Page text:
Cambridge Analytica boss on why he's no Bond villain

As fears rise over the use in election campaigns of data mined from social media, Cambridge Analytica chief Alexander Nix seeks to distance the company from politics.

Nix: ‘How do you persuade boys not to join al-Qaida? It isn’t going to be through a TV ad by a creative agency in London’
Nix: ‘How do you persuade boys not to join al-Qaida? It isn’t going to be through a TV ad by a creative agency in London’

Cambridge Analytica, the world’s most (in)famous behavioural data strategy company, might have gained its notoriety after it helped usher Donald Trump into the White House but  chief executive Alexander Nix says politics provides a "very small amount" of the company’s revenue.

 "Our job is not to dictate the policies of our candidates or even influence them but simply to articulate them in the most clear and meaningful way to the relevant audience," he says.

Trump’s surprise win has led to a media fascination with Cambridge Analytica and the methodologies deployed to help him become the US president. So there’s an expectation that Nix will have a feline companion on his lap and bear a resemblance to a James Bond villain. It’s not quite the case – Nix quips that he’s more of a "dog person". 

Nix does, however, appear to savour some of the hype surrounding the company. "The press is a double-edged sword. While some of the things written about us are just not true, it is true we are getting enquiries from businesses we otherwise wouldn’t have received had we not had that [fame]," he says.

The company is part of an investigation by UK data privacy watchdog the Information Commissioner’s Office, which is assessing if data protection rights were breached during the vote on leaving the European Union. 

Nix says Cambridge Analytica is not involved in the general election. And despite his previous claims in Campaign, Nix adds: "We never worked with the Leave campaign." 

"I’m not privy to the ICO’s agenda," he says. "My understanding is it is conducting a piece of research into all manner of people who have an expert understanding of data so it can educate itself on the art of the possible and then start to use the information to understand whether changes are required."

An ICO spokeswoman says: "Our contact with Cambridge Analytica remains ongoing and this is part of the wider investigation into the use of data analytics for political purposes announced by the information commissioner on 17 May."

So what does Cambridge Analytica actually do? Its calling card, Nix explains, is the synthesis of behavioural and data science – the ability to identify and target, understand motivations and trigger action, whether that is to vote or to purchase. 

Nix adds: "[It’s] nothing Machiavellian. It [the Trump campaign] was a brutal testing of our methodologies at breakneck speed. We are now battle-hardened and ready to use these methodologies for brands." 

He says ad agencies continue to use data to post-rationalise creative executions and lack the sophisticated tools possessed by companies such as Cambridge Analytica.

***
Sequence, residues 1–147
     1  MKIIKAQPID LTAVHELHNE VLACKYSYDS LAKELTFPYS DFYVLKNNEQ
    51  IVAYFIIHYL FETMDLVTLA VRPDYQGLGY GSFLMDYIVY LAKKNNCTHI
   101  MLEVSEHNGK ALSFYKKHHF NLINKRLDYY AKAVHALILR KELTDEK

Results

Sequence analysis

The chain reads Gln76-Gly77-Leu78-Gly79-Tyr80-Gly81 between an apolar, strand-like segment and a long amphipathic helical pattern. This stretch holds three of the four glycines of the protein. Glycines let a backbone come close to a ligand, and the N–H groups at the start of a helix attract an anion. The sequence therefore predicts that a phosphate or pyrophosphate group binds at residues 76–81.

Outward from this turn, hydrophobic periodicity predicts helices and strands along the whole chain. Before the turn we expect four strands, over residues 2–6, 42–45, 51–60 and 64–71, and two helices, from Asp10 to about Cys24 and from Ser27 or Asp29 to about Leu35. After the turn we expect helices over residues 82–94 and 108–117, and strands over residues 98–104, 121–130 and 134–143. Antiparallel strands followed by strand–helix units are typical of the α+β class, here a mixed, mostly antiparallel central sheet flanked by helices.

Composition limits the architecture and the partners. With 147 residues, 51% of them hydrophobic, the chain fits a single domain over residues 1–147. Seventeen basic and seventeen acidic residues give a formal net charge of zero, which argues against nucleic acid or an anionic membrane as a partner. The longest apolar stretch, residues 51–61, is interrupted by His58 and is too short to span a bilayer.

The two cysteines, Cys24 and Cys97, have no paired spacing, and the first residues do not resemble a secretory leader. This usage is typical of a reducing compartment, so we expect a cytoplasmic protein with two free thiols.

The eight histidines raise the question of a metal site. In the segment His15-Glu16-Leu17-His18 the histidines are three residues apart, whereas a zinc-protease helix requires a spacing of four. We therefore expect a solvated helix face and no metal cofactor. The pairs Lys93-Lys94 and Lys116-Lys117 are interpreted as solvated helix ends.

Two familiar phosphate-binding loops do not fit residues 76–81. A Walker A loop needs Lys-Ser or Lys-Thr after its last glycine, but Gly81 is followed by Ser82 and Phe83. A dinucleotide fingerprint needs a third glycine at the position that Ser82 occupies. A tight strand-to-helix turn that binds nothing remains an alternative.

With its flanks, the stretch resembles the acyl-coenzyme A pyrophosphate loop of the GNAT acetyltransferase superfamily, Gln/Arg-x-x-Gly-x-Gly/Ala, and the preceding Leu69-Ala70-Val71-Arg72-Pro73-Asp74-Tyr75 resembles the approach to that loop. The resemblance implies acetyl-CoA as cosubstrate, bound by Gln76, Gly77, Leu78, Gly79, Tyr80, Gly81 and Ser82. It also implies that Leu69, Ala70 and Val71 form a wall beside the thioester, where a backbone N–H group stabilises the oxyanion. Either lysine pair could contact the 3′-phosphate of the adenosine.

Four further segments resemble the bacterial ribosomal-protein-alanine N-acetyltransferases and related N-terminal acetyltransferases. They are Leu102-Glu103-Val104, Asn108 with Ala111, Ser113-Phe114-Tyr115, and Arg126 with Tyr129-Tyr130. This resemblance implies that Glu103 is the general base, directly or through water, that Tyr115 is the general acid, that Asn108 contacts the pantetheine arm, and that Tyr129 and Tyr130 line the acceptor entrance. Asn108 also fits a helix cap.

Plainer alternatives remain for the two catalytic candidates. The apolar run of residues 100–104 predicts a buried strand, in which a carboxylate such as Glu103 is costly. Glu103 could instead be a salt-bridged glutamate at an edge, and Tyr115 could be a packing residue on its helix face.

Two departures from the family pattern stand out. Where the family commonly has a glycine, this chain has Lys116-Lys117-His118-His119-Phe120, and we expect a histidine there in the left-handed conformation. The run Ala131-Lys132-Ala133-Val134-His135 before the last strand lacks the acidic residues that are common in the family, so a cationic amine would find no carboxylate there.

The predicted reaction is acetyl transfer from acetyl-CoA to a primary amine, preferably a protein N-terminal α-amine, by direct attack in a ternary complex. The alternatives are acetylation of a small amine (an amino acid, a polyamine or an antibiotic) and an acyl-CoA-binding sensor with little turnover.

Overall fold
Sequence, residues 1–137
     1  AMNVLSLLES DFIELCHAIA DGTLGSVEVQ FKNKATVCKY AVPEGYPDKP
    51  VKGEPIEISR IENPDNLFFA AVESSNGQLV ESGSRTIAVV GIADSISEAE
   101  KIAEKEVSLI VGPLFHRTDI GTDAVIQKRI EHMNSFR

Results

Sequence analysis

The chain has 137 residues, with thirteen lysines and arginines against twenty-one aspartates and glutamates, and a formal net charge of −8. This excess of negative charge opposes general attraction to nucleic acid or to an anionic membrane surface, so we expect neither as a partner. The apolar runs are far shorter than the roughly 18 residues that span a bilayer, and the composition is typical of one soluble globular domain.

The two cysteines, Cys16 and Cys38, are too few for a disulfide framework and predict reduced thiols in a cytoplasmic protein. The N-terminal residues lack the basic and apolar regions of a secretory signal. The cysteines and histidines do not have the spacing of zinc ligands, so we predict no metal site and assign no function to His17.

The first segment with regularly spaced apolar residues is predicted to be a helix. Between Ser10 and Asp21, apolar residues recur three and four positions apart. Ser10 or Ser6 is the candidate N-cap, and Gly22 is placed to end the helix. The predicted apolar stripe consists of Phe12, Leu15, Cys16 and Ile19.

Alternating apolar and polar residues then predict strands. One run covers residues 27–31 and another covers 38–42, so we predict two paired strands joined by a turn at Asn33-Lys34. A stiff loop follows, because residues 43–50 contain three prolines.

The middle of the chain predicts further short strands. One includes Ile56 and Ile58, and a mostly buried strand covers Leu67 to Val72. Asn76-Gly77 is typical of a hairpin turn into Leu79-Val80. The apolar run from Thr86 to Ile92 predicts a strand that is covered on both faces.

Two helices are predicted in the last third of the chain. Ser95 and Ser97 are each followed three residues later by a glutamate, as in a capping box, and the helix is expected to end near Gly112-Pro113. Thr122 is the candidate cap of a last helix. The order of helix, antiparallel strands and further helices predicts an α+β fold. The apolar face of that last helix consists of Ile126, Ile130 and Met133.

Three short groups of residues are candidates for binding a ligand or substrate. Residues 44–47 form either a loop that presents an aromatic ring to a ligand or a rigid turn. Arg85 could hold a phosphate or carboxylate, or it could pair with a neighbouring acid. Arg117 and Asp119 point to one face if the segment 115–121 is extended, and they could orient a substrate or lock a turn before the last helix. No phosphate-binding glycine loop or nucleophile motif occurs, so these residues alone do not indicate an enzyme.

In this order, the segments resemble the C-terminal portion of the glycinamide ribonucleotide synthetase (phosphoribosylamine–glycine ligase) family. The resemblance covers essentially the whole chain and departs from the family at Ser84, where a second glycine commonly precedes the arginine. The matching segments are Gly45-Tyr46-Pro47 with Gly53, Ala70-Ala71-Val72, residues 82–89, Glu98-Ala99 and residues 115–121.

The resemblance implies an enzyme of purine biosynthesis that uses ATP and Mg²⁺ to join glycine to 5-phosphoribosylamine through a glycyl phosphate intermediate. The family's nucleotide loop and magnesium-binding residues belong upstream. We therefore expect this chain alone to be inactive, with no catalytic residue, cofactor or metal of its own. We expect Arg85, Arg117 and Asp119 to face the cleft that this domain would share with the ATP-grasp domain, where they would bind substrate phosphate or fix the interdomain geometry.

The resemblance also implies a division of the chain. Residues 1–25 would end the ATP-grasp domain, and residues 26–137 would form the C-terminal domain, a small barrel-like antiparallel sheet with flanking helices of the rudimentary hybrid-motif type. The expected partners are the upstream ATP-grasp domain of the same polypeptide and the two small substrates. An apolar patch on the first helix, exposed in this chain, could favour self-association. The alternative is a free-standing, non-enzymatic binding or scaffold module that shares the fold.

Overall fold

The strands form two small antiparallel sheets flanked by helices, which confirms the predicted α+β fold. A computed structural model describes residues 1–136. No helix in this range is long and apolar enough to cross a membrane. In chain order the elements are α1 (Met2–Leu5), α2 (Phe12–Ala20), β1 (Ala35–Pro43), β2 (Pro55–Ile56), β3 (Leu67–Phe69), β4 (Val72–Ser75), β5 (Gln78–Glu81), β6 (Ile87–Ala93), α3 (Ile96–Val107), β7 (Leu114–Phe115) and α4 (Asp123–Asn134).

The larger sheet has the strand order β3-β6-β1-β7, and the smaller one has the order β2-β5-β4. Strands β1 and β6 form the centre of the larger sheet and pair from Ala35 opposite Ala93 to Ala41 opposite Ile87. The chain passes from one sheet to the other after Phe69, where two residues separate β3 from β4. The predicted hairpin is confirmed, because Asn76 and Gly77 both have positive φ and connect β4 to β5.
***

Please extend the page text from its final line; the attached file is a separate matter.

Nix also vehemently rejects that Cambridge Analytica uses psychological profiling: "We call it behavioural communications instead." 

The work on the Trump campaign is a clear example of how data-driven marketing techniques can change behaviour in target populations. Nix also cites the example of Psyop – a US psychological operation to counter radicalisation. 

"How do you persuade impressionable young boys not to join al-Qaida?" Nix says. "It isn’t going to be through a TV ad done by a creative agency in London. It’s about using vast quantities of research and data to understand the motivations, the power structures, what groups these youth belong to and take all this data and deconstruct it to help save lives." 

Cambridge Analytica gets involved in six or seven election campaigns a year around the world "but what we are really doing is using data to work on some profound and complex issues". 

In South Sudan, contracted by Unicef, Cambridge Analytica created a communications strategy to reduce child marriage. It developed an implementation plan, delivery timeline and a system to monitor impact. During the 1994 elections in South Africa, when a Nelson Mandela win was a given, the role of Cambridge Analytica, then known as SCL, was to reframe elections away from tribal conflicts.

For all the brouhaha over how data is mined and used, Nix maintains Cambridge Analytica is using "pretty bland data in a pretty enterprising way". 

He adds: "My long-term ambition is to be an agent of change." 


Brexit and Cambridge Analytica 

Nix says that in 2015, Cambridge Analytica held discussions with Leave.EU about working for the campaign but decided against it. 

"We were looking at different opportunities to get involved in working with Brexit but we made the decision to not work with any party – for or against – or even for any related campaigns," he says.

According to a spokesman, Cambridge Analytica had no involvement in last year’s EU referendum. He adds that the Nix article in Campaign (11 February 2016) in which he wrote "CA has teamed with Leave.EU… to help them better understand and communicate with the UK voters" was penned by an adviser who "assumed Cambridge Analytica would eventually work with the campaign".

The spokesman says: "CA has never been retained by Leave.EU or provided any services – paid or unpaid – to Leave.EU or any other of the campaigns."

Cambridge Analytica also denies allegations published by The Observer. A spokesman says the company is "pursuing legal action in this matter". 

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